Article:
Emily Henderson

Guest Orlandopost: I Love it When We’re Styling Together

Photography by Tessa Neustadt


Dear Emily,

A lot has changed in the past few years. I started my own design practice. You and Brian made a human baby with your bodies. I become the West Coast Creative Director of Homepolish. You started ruling the world and representing Target. It’s been a crazy few years, but super fun. And one of my favorite things about our new careers is that we still get the chance to collaborate every once in a while. So when the chance to play in your dining room arose, I was stoked. The space is amazing, bright, high-ceiling’d. But it needed some life. It needed art.


Enter the Tappan Collective. Tappan and Homepolish have oodles in common; they make collecting cool art from emerging artists a breeze and Homepolish makes interior design affordable and accessible to all, armed with our dear nation’s best and brightest designers. I want like everything on Tappan‘s site, so needless to say I jumped at the chance to help style the new dining room around this awesome piece by Molly Berman Emily chose for her space. And lucky you, if you pop over to Homepolish right now you can enter to win a version of this exact piece for your own pad!


There are a few things to keep in mind when styling around artwork. And I’d like to tell you about them now. In list form. Because I am incapable of talking like a normal person. I can only list things.


1. If you have lots of bitsy things, put them on a tray. This makes the whole scene feel less busy and more in control. For example, if the alcohol and glassware above were just sitting there on the credenza, they would look totally junky and disorganized. Like me on a Saturday morning after a hard night out (just kidding I literally sit inside eating pizza on Friday nights these days, alone, in Garfield pajamas). If you have too many small objects on a surface and they’re not corralled somehow they’ll look crazy. And then you’ll feel crazy. And then you’ll actually become crazy. And all your friends will hate you. Let this be a lesson to all of us to invest in trays so that our collections of objects (or booze) will look neat and organized.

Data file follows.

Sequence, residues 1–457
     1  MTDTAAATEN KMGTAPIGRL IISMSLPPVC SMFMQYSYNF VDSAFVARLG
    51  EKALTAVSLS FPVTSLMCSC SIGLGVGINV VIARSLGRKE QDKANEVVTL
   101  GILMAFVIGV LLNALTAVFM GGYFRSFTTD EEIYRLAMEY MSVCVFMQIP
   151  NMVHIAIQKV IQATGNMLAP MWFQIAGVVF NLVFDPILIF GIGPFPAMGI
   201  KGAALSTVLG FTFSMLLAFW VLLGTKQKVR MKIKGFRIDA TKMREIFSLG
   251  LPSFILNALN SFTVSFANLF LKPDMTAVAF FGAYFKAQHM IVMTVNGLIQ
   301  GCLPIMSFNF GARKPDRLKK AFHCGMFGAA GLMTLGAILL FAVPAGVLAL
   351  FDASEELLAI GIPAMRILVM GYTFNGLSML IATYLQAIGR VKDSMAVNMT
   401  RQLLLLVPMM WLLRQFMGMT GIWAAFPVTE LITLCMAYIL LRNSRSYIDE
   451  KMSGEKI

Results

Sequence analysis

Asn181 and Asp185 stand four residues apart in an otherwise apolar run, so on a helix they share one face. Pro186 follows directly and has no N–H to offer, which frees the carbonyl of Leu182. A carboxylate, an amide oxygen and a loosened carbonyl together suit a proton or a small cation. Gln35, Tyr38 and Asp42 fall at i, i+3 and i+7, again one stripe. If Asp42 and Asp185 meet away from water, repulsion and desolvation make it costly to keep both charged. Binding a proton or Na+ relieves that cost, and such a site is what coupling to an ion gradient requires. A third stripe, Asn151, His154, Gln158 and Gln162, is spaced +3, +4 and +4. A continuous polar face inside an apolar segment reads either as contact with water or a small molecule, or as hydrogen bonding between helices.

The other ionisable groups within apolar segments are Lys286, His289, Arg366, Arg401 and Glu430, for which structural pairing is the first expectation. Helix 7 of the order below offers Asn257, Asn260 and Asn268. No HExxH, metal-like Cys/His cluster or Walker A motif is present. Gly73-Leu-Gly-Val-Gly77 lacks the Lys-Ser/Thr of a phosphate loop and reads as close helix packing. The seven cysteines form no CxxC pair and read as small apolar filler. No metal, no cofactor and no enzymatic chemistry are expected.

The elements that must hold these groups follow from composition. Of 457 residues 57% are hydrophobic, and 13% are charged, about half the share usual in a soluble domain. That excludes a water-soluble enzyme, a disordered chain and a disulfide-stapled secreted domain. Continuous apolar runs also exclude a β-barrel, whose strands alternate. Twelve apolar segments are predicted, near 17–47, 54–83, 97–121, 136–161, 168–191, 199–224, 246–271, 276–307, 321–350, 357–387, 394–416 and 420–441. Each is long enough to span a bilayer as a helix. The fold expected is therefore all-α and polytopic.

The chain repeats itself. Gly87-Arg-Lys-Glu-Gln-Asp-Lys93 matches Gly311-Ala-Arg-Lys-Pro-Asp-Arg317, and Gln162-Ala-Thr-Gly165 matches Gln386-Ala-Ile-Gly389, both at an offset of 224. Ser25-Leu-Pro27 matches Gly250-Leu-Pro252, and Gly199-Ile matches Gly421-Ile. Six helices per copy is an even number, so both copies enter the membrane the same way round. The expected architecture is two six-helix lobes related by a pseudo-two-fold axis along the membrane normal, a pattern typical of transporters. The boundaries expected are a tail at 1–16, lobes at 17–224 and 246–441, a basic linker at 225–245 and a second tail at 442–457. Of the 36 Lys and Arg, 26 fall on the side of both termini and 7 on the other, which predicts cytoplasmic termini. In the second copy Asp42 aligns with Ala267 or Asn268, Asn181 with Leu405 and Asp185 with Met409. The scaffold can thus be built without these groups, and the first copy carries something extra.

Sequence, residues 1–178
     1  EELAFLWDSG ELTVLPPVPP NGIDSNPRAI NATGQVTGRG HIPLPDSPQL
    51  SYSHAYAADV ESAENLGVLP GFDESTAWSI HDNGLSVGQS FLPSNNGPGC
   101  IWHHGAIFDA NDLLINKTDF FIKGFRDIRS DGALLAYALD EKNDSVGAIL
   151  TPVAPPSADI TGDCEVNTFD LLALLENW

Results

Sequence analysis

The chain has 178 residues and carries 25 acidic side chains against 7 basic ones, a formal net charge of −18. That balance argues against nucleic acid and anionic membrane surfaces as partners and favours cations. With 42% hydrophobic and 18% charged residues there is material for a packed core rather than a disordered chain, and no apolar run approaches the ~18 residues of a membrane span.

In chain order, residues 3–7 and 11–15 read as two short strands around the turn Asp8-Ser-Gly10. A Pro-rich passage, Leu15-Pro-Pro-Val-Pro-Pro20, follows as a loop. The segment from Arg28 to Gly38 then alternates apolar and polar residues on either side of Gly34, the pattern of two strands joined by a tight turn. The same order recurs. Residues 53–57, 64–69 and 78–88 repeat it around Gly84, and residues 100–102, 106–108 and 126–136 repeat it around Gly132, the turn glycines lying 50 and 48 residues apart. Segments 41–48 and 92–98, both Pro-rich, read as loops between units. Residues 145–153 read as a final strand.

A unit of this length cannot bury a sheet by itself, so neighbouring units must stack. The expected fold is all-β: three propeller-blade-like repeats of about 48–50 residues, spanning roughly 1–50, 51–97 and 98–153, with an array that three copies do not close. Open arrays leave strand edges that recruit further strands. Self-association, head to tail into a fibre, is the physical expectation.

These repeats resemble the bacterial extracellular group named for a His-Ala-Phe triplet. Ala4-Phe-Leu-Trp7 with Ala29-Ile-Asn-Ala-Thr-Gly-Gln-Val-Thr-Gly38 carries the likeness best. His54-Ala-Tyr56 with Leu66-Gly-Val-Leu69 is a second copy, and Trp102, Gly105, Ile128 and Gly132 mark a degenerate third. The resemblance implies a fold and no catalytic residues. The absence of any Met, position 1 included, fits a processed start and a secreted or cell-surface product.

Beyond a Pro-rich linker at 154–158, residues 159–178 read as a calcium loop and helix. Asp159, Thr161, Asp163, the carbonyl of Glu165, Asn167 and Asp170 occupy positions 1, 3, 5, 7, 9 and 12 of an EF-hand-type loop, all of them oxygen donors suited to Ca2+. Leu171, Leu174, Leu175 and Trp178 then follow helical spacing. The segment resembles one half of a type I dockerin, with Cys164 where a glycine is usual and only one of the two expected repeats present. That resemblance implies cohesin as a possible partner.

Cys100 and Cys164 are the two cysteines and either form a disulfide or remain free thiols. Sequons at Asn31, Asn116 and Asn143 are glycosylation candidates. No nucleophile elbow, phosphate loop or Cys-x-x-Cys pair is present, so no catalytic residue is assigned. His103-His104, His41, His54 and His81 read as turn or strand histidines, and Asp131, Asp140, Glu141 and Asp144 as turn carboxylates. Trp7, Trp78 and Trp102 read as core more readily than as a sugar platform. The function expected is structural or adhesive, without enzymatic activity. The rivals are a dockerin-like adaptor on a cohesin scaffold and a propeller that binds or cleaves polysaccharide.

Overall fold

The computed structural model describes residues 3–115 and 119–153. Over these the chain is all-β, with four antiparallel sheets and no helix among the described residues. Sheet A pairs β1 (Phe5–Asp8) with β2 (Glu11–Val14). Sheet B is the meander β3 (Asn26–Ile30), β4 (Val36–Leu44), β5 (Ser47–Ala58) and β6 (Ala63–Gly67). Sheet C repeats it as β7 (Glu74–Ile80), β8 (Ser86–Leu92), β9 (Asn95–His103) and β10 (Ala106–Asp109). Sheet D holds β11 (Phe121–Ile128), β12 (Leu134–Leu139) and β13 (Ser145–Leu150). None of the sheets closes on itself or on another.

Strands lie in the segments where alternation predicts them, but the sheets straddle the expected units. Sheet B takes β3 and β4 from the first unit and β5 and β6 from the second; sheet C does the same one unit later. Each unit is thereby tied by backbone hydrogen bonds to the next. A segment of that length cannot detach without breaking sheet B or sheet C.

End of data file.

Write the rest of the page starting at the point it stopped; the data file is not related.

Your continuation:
bright-dining-room-4 bright-dining-room-10

2. If you are having a styling party, make sure your styling partner is pretty and laughs at all your jokes. That’s why I love working with Emily so much.


3. Make sure there’s enough light. Emily will be adding a ceiling pendant to this room, but having some nice lighting at eye level is never a bad idea. I love these cute lamps Emily snagged from Target.


4. Cluster things in groups of 3. Or 5 if you really must. This helps them look natural and collected. Just like Julia Roberts when she’s wearing that red dress in “Pretty Woman” and she looks totally like a classy lady even though like a week before she was wearing crazy boots and a cheap blond wig. Another thing to remember when clustering is to make sure the heights are distinct from one another. Above, we used a tall vase, a medium vase, and low planter to make a happy family.


5. Make sure you choose items that accentuate the mood of your artwork. This Molly Berman piece from Tappan Collective has such a quiet, peaceful mood. Thus, we chose accessories that complimented the color palette and feel of the beautiful photograph.

With these tips, you will get rich, find the man of your dreams, and get rock hard abs by the time you finish reading this sentence. And you’ll have me to thank for it. You’re welcome.


OMGPS: You can totally WIN the awesome Molly Berman piece from Tappan Collective that Emily has hanging in her dining room. Well, a smaller, more managable version of it at least. CLICK ON THIS LINK to enter. Right now. Or Else!

Resources: Dresser and dining table are vintage from the flea market, lamps from Target, tray from Target (vintage = 2 years ago), vase on dining table from Target (discontinued) and dining chairs from Mid-Century LA (and vintage, but they have more). Vessels are vintage. Morse code rocks glasses from ShopClass in LA. 

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